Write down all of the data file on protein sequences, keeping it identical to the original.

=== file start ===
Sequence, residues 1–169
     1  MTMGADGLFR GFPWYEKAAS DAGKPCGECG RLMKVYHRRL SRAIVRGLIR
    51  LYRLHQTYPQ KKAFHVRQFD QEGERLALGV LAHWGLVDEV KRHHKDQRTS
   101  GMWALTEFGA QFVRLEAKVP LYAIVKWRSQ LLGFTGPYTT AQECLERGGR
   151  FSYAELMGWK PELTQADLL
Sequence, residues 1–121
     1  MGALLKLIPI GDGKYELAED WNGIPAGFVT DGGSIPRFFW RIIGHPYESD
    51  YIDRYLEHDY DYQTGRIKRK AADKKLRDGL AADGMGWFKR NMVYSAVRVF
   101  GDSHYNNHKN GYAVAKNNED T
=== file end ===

Sequence, residues 1–169
     1  MTMGADGLFR GFPWYEKAAS DAGKPCGECG RLMKVYHRRL SRAIVRGLIR
    51  LYRLHQTYPQ KKAFHVRQFD QEGERLALGV LAHWGLVDEV KRHHKDQRTS
   101  GMWALTEFGA QFVRLEAKVP LYAIVKWRSQ LLGFTGPYTT AQECLERGGR
   151  FSYAELMGWK PELTQADLL
Sequence, residues 1–121
     1  MGALLKLIPI GDGKYELAED WNGIPAGFVT DGGSIPRFFW RIIGHPYESD
    51  YIDRYLEHDY DYQTGRIKRK AADKKLRDGL AADGMGWFKR NMVYSAVRVF
   101  GDSHYNNHKN GYAVAKNNED T